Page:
Why More is Generally Better in Painting

Why More is Generally Better in Painting

Paint has changed significantly over the past couple of decades, mainly for the better.

In recent years, many states and regions have created government policies about VOC levels that have limited the production and sale of oil or alkyd-based consumer paints.

This is good news for the environment, good news for recoating faster, and good news for painters in Winter Springs. The advancement of waterborne paints is a significant reason our business model works well. Without the progress of waterborne (also commonly known as latex or acrylic) paint, finishing a house in a single day wouldn't be conceivable. Breathability, more satisfactory color retention, faster dry times, and easy clean-up are all benefits of using good quality acrylic-based paint.

Nevertheless, there are some disadvantages. Acrylic paints don't provide the same level of coverage as high-quality oil paint. In the past, a painter could get by with just one coat of oil on a home's trim and doors. With acrylic, you must normally allow for two coats to guarantee completely opaque finishes on walls and borders.

So, how do you know when a single coat will do? Let's examine this from a few distinct angles.

Say you own a kind of tired-looking condo, but you still appreciate the color. With a satisfactory color match, there is no reason why employing a bit of primer over any dark marks (with the shade you are using), plus one complete top coat, won't provide a first-rate paint job.

But what if you wish to change colors? If you're moving to a red, yellow, or any vibrant color, you should typically allow for three coats – a tinted gray primer followed by two top coats of your chosen wall paint.

Paint manufacturers, especially Sherwin Williams, have a "P" or Primer system associated with numerous colors in their fan decks. To guarantee true color opaqueness, they usually assign a specific shade of gray to work in convergence with the chosen top coat. Follow the specified "P" system, and you will seldom need more than two top coats over your primer.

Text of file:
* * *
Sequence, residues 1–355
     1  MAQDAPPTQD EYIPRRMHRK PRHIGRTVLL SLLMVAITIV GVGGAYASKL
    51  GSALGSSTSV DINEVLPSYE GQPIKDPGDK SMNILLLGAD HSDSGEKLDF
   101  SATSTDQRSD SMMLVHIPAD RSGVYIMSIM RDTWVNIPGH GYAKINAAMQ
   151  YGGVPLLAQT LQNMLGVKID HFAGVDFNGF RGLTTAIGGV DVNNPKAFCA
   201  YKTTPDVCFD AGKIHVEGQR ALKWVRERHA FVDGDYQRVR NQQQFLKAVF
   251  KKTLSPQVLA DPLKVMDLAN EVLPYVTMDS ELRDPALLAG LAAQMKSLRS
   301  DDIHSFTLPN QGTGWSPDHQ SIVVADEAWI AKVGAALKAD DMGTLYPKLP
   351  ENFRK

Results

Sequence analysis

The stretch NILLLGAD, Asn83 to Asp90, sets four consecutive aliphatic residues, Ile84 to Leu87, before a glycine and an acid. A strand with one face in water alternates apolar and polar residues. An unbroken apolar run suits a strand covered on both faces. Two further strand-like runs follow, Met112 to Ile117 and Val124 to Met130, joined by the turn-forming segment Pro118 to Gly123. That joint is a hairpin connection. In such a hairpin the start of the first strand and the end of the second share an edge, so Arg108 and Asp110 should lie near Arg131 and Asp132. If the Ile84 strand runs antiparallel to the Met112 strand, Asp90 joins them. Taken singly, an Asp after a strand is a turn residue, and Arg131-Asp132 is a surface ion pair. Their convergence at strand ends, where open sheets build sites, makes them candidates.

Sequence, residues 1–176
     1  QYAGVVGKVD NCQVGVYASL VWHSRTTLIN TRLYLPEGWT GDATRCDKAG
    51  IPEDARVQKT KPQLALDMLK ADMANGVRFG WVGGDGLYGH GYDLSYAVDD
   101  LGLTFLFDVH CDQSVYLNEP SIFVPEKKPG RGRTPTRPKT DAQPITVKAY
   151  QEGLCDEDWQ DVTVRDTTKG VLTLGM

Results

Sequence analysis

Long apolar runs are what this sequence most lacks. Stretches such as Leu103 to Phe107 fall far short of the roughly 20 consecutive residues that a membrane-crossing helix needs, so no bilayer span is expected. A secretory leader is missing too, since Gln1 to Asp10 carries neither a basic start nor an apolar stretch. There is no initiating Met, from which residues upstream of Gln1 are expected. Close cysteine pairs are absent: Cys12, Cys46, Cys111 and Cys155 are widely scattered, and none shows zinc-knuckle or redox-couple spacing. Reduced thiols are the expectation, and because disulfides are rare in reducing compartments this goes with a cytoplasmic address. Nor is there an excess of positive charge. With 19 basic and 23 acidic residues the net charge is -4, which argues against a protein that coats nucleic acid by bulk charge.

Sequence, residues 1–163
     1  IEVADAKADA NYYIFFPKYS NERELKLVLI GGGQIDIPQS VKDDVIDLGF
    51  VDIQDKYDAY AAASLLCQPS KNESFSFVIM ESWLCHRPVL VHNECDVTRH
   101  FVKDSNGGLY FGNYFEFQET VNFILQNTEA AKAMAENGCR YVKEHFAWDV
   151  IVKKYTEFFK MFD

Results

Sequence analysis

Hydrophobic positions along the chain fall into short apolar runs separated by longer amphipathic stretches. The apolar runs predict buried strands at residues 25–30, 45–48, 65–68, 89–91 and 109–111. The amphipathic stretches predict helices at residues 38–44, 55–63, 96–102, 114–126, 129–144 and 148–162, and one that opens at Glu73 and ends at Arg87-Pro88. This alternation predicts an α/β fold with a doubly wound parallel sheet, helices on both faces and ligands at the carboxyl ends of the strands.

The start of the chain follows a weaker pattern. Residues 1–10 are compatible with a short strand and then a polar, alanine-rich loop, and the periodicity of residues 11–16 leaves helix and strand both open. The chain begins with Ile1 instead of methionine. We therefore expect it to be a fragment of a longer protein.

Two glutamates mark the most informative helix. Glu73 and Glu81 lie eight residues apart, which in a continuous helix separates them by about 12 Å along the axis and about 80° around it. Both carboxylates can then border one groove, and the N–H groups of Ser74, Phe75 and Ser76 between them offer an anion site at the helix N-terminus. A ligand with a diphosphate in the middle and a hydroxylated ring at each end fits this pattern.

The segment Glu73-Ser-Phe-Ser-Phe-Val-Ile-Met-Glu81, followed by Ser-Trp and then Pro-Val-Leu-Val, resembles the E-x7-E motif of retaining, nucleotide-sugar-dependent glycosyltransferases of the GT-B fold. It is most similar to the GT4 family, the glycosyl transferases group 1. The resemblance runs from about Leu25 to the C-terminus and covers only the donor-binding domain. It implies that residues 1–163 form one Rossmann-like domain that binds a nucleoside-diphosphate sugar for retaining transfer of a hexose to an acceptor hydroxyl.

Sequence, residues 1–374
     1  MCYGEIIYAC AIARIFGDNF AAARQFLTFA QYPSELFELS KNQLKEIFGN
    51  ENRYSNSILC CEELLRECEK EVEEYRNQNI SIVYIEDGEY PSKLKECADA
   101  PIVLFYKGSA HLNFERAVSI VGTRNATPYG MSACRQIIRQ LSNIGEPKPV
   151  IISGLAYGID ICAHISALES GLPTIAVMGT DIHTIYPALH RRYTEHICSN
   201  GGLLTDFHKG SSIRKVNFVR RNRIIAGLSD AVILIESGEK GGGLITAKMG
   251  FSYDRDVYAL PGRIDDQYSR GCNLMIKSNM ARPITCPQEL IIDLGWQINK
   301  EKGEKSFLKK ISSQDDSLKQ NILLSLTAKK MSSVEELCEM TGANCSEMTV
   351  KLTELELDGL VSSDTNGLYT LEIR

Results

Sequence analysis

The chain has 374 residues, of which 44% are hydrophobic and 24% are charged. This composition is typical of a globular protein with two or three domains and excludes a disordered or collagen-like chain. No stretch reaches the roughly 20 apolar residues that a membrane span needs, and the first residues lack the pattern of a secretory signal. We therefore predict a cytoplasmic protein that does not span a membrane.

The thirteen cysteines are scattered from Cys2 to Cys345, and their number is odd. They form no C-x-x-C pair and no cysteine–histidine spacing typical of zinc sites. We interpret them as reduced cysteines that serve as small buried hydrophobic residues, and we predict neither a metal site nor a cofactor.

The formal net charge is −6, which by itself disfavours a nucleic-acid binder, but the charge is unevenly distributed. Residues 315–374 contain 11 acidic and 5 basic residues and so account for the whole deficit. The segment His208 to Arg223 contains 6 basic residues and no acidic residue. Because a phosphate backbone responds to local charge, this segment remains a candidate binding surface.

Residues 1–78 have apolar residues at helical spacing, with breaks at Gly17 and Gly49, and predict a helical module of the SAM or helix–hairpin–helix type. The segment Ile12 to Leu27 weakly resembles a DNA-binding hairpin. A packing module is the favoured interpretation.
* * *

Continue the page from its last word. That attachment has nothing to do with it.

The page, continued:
On exteriors, because of expansion, contraction, precipitation, humidity, and UV light, two coats are nearly always advised to guarantee the coating will maintain a long life span. However, there are particular times when adding extra coats to the outside of a house could provoke a coating failure. For instance, an older house may have ten to twenty coats of paint on the outer walls. Adding new paint over the top of fully cured, less flexible paint can force the paint to bubble and release down to the bare wood, leading to the last ten to twenty layers peeling off along with the fresh coat you just added on. To fix this, scrape the bubbles, spot-prime the naked wood, and touch up as required.

The best practice for older houses is to remove all existing paint and start from scratch. Yet, this is usually a tremendous undertaking, and most individuals would rather scrape a few bubbles to bypass this massive amount of work.

To summarize, one coat when completing a refresh, two coats when completing a color change, and always two coats on exteriors.

We hope this gives you a clear understanding of why more is usually better in painting. Contact us today for a consultation with our painters in Winter Springs. We are here for you!

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